In the photograph the illuminators iris diaphragm has been stopped down well beyond what would be used in practice to better show the in focus diaphragm simultaneous with the image plane of the specimen. Note that despite the light source being a ground glass there is no visible grain in the photomicrograph.
Critical Illumination with the AO Fifty
This American Optical Fifty series microscope makes use of an uncomplicated 15watt (medium base) incandescent bulb as the light source. Mounted in an adjustable housing in the microscopes base the light of the bulb is sent first through a blue filter. Immediately above the filter is mounted a single short focus Plano-convex lens with a ground glass flat surface. This arrangement makes up the integrated illuminator common to microscopes of the Fifty, Sixty, One-Fifty, and One-Sixty series. Above the field lens of the illuminator is a 1.25N.A. Abbe condenser on rack and pinion adjustment.
With this setup Köhler illumination is not possible. Instead a less perfect but far less mechanically demanding type of illumination known as critical illumination is possible. Prior to the modern∗ acceptance of Köhler illumination as the gold standard it was practice to work with a large light source and less complex illumination apparatus. Rather than a focused image of the light source, a brightly lit field is formed at the opening of the substage iris diaphragm and the back focal plane of the objective†. Unfortunately, this results in a focused image of the light source (and all its attendant grain or irregularities) being formed in the image plane of the specimen. The worker is then apt to throw the substage condenser slightly out of focus so as to avoid the distracting image of the filament when not using a sufficiently large homogeneous light source.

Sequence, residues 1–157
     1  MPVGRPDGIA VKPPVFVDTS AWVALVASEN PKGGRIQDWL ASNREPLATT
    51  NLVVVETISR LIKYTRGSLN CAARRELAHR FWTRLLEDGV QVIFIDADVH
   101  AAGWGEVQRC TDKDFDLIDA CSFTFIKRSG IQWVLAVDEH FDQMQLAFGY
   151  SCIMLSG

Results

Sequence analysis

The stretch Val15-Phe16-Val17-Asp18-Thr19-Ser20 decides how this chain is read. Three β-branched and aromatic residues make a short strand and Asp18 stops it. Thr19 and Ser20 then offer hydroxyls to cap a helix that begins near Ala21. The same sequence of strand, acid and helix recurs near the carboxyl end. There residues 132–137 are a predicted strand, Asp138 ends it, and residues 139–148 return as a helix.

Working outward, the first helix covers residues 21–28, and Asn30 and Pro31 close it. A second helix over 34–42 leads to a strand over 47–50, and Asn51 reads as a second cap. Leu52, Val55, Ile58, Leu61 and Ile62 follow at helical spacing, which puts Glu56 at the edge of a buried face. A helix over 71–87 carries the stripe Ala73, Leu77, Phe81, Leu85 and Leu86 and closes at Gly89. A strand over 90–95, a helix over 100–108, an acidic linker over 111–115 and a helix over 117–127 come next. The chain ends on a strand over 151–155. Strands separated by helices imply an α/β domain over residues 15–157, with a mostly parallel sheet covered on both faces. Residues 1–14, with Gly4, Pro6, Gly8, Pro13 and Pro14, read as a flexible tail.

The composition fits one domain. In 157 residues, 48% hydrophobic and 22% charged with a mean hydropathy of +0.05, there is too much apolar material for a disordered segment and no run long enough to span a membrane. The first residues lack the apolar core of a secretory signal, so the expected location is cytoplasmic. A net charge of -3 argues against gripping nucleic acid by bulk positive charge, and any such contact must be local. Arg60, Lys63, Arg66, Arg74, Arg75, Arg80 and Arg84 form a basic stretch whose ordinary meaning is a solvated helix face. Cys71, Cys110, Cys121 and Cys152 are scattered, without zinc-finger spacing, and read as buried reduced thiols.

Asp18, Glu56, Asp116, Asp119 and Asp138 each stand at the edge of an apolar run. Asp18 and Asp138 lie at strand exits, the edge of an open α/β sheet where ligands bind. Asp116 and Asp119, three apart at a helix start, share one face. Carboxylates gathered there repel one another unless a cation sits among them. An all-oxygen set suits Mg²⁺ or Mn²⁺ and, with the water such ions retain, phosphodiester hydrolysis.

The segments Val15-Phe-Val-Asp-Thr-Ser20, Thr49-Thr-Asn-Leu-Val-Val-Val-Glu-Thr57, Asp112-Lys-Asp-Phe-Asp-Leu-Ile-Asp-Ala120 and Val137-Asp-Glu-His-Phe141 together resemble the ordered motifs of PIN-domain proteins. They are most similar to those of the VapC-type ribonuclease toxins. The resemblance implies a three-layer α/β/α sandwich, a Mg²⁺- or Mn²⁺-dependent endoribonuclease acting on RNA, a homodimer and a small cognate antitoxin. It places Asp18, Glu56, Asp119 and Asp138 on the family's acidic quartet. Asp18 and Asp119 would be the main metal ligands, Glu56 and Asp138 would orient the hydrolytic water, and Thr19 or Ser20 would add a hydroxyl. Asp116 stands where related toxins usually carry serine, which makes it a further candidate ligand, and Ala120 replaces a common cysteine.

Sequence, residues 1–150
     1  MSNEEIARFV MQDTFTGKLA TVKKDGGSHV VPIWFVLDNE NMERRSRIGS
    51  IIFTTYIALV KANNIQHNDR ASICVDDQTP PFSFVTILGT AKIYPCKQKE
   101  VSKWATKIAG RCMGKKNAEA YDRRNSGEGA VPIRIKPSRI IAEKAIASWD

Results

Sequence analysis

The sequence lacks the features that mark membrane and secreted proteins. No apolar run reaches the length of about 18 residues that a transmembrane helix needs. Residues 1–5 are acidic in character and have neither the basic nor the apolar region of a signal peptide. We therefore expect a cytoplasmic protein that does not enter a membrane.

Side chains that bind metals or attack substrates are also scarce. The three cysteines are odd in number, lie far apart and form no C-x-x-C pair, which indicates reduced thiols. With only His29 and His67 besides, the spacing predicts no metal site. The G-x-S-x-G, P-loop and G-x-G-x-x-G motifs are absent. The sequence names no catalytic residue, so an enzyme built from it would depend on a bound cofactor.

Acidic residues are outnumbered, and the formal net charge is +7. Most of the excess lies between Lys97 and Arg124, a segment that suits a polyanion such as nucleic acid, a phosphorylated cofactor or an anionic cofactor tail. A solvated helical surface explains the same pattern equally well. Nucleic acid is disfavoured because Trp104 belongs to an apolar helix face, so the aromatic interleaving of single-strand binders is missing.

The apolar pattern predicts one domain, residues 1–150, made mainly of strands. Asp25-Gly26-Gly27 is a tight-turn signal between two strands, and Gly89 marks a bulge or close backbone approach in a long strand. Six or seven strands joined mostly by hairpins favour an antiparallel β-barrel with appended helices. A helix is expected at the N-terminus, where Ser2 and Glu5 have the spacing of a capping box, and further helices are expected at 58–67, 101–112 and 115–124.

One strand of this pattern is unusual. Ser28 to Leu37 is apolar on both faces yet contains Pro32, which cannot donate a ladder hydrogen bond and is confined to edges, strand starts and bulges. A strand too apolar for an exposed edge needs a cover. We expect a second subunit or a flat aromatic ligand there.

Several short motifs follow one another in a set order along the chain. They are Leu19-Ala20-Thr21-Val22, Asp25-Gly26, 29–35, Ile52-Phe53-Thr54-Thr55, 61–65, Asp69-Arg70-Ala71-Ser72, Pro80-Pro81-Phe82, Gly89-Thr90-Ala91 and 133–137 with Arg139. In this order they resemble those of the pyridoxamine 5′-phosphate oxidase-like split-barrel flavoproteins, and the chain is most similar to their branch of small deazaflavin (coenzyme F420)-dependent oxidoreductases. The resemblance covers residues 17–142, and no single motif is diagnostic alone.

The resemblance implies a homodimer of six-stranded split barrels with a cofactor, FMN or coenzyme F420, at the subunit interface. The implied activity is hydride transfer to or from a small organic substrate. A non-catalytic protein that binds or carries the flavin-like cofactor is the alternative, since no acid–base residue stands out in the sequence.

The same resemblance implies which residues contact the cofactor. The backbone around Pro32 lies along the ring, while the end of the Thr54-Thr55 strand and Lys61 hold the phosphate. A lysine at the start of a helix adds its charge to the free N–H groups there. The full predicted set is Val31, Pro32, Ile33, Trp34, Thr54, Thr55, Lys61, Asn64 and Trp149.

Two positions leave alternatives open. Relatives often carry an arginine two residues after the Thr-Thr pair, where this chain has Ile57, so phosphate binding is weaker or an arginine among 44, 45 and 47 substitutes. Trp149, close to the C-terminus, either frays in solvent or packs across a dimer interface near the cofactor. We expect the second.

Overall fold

Not that in the upper photomicrograph there is evidence of dust on the ground glass illuminator, as shown by dark areas indicated by the pointer. In the lower photomicrograph the substage condenser has been thrown slightly out of focus to prevent grain and dust from appearing in the image plane of the specimen. In general use one may chose to rack the condenser up or down if the grain of the illuminator is found distracting, there is however a slight increase in spherical aberration and decrease in resolution.
Add-on Integrated Illumination